How 90 metres made all the difference to new Fulwood takeaway's opening hours
A former bike shop in Fulwood is to become a takeaway – to the distaste of almost 100 locals who objected to the proposal.
Preston City Council’s planning committee served up permission for the conversion of the vacant Fulwood Cycles on Black Bull Lane.
Amongst the concerns raised by residents were that it would cause odour and noise – and be situated too close to nearby schools.
“There are six schools within a quarter of a mile of the proposed takeaway,” said a Mr. Hammond, an objector addressing committee members.
Murder inquiry launched after man critically injured in Preston assault dies
M6 to close overnight to allow two bridges damaged by vehicle strikes to be repaired
Fulwood flasher wearing balaclava leaves mum and her seven-year-old daughter feeling 'shaken up'
Body of teenage girl recovered from water in Tameside after getting into difficulty
Closing date announced Royal Bank of Scotland's Preston Fishergate branch: what it means for customers, when the doors close and where to access RBS banking services
“A chip shop is not needed within this residential area, as there a number of [others] half a mile down the road,” he added.
The outlet is located 490 metres away from the nearest secondary school, Fulwood Academy – meaning that it falls just outside a 400 metre zone surrounding all secondaries and sixth forms in Preston, within which applications for new takeaways are not approved unless they commit to not opening before 5pm.
However, environmental health officers have insisted that opening hours are restricted at the other end of the day. The applicant had initially sought to trade from 10am until 11pm seven days a week, but will now have to shut at 10pm Monday to Saturday and 9pm on Sundays and Bank Holidays.
The committee heard that the hours were “broadly consistent” with other takeaways in the area.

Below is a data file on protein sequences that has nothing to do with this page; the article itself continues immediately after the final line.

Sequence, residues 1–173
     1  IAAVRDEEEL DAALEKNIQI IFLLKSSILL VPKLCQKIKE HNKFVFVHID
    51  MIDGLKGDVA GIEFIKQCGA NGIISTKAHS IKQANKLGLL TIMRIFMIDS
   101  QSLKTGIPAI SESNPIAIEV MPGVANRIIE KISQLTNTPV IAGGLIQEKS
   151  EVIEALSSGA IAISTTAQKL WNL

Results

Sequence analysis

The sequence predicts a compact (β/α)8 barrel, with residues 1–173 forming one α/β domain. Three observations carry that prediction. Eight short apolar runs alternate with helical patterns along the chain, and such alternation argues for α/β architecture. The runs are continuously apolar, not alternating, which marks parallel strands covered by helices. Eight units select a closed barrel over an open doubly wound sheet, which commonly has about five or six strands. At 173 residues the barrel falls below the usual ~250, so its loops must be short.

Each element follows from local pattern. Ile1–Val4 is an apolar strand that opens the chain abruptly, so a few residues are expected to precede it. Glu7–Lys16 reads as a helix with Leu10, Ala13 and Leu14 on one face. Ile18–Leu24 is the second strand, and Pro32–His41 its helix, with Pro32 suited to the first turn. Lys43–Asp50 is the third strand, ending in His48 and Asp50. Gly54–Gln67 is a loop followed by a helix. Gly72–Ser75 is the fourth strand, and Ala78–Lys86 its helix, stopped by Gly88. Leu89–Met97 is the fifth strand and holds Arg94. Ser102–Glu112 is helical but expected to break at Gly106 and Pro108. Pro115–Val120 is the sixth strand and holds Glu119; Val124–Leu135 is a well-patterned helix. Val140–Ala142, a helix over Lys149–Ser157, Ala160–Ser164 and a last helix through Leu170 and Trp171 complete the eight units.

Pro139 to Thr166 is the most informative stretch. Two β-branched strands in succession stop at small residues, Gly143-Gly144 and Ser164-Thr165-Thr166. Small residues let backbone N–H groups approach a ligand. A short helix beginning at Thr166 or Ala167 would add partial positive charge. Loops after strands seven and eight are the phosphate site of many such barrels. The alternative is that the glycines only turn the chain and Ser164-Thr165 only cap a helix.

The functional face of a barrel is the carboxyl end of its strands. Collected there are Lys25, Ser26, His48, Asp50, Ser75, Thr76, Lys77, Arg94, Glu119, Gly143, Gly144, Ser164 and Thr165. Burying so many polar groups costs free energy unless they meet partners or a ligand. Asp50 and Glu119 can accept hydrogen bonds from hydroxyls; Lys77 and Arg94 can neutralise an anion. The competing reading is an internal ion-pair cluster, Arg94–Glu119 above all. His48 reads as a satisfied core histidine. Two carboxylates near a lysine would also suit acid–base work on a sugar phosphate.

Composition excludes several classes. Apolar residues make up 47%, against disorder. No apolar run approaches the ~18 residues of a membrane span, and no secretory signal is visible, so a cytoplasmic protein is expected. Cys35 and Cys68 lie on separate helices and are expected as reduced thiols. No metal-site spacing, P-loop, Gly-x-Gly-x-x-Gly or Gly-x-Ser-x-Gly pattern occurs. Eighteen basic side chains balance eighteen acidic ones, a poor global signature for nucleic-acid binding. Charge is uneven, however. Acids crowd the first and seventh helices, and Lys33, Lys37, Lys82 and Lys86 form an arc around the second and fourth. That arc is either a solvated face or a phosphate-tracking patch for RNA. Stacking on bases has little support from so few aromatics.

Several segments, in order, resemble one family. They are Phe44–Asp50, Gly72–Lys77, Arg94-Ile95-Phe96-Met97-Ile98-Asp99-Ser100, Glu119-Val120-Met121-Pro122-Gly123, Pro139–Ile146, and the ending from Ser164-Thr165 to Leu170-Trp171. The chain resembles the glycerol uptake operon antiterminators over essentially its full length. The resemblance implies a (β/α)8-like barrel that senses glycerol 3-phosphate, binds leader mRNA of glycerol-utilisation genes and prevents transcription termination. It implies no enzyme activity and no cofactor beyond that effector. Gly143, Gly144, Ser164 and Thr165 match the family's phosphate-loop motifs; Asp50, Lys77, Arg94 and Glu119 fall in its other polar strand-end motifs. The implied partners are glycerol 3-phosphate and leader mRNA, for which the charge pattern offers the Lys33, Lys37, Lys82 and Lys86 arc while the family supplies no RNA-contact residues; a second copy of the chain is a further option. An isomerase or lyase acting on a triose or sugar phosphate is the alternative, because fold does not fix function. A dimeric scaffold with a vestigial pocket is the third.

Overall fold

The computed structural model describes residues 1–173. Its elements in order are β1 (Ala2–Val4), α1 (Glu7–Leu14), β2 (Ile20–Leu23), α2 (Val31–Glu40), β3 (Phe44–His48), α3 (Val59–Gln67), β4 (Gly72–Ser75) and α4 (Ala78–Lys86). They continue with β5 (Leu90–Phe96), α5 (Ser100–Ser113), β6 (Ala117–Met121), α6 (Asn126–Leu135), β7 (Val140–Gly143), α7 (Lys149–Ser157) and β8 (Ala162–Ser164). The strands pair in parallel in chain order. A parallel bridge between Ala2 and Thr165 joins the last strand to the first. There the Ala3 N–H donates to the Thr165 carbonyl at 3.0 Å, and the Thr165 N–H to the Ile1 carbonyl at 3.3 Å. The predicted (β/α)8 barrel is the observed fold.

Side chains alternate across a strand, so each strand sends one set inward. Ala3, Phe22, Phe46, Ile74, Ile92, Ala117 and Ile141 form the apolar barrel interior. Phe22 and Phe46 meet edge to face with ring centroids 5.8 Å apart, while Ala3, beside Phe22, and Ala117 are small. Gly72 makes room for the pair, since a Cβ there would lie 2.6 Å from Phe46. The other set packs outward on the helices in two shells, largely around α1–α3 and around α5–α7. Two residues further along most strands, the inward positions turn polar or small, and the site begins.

Papers presented to the meeting also stated that a promised filtered extraction system, fitted with a silencer, would ensure that there was no “unacceptable adverse impact” on surrounding properties or the flat above the shop.
Highways bosses at County Hall raised no objections to the conversion plans, but committee member Jennifer Mein questioned the safety of the access to the five parking spaces at the front of the unit, because of its proximity to a zebra crossing.
Planning officer James Mercer said that the shop’s previous use would have highlighted any such problems.
“If there were ever going to be any issues with people driving over the zebra crossing to access the front of Fulwood Cycles, I imagine that they would have been brought to the attention of Lancashire County Council [previously],” he said.
Committee member David Borrow said that he could think of three takeaways in his own area operating in remarkably similar locations to the one being proposed.
“All of them are in residential areas and have got just the odd shop near them – and I can’t see anything to distinguish this property from those in a way that would give us any reason not to grant this application.”
The committee agreed with Cllr Borrow’s assessment and approved the application unanimously.